As I sometimes do, I got up before I woke up. Half asleep, I stumbled into the kitchen and poured myself that first cup of Joe. Then, in my state of grogginess, I mistakenly took the wrong medicine…medicine that wasn’t even mine. At first this scared me half to death. I thought it could make me sick and perhaps even be fatal since it had not been prescribed for me. As it turned out, the good news is that I am now protected against heartworms, ticks, and fleas for the next six months!

The truth is that I really am protected against the dreaded-and-deadly Coronavirus. I have had both shots of the Pfizer vaccine and am past the two-week-post-shot period. None of us are sure for how long we are protected, but for the time being we feel pretty safe.

Someone asked me recently if I had been outside the state in the last year. I laughed and said, “Outside the state! I’ve barely been outside the house.” I have spent more time at home over this past year than I have in probably the last five-years combined. I must admit, I have enjoyed that time more than I would have imagined. I have especially loved getting to spend so much time with Jean. At the same time, I have missed doing what I enjoy doing so much. Normally, I would be speaking, and/or singing, in a church on Sunday mornings, or doing a program of humor as Bro Billy Bob on Sundays nights or at a banquet or luncheon on another day of the week. All of that came to a screeching halt over a year ago. Since getting my vaccines, I have begun to knock off the rust. As Willy sang, I am on the road again. It really feels good to be back out and about.

Billy Bob got his first call to action in 2021 a few weeks ago, but I didn’t have to travel far. I did a banquet program at my home church in Opelika. Then, a couple of weeks later, I filled up the tank, plugged in the GPS, put on my mask, and hit the trail. I drove up through Tennessee and crossed into Kentucky. Ole Billy Bob went to tickle the funny bone of a group of pastors and church leaders at Liberty Baptist Association, in Glasgow, Kentucky. I was there three-years ago to do a program for the association, as well as one for the inmates at Green River Correctional Facility. My ole friend Lynn Traylor invited me back last year, but the pandemic said, “I don’t think so.” Finally, this year, we were able to go. Following the program, I drove back down through the beautiful rolling-hill country of Eastern Kentucky and Tennessee and into Georgia. I made a short visit to Dahlonega, one of my favorite towns. I spent the night in a century-old-store building that has been converted into a small hotel. From there we could walk the picturesque square, where a number of great shops, delicious cafes, and at least three fudge shops are located!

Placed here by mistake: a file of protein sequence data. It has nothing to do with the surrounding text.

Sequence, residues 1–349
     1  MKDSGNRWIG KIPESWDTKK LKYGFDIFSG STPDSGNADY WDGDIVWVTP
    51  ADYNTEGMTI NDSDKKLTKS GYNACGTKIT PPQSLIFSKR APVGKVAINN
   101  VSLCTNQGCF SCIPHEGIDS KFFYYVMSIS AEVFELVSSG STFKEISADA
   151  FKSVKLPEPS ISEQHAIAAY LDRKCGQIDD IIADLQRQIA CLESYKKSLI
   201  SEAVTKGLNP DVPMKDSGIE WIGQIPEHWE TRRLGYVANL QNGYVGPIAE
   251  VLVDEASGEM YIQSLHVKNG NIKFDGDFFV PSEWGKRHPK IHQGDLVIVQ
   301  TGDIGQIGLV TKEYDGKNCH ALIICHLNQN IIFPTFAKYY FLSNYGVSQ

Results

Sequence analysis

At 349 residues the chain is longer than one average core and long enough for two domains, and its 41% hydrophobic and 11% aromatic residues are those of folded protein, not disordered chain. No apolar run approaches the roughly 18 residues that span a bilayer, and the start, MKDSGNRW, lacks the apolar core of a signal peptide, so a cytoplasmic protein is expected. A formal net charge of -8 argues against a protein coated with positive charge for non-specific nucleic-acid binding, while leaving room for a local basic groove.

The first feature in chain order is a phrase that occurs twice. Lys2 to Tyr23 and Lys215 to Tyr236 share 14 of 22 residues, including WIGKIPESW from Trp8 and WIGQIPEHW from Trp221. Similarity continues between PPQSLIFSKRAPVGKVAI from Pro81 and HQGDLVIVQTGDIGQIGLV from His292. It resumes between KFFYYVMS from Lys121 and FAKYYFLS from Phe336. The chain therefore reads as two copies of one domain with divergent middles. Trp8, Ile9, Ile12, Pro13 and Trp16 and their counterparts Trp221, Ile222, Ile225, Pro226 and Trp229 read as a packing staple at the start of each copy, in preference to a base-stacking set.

Last week I attended a three-day training conference in Prattville, Alabama. I told the event director that it was the best conference I had been to in over a year. It was also my first conference in over a year. My phone is beginning to ring again, and emails are coming in, and thankfully this time they aren’t cancellations. I’m not simply glad to be on the road again, I am glad to be back among people again. No, we aren’t there yet, but we are on our way!

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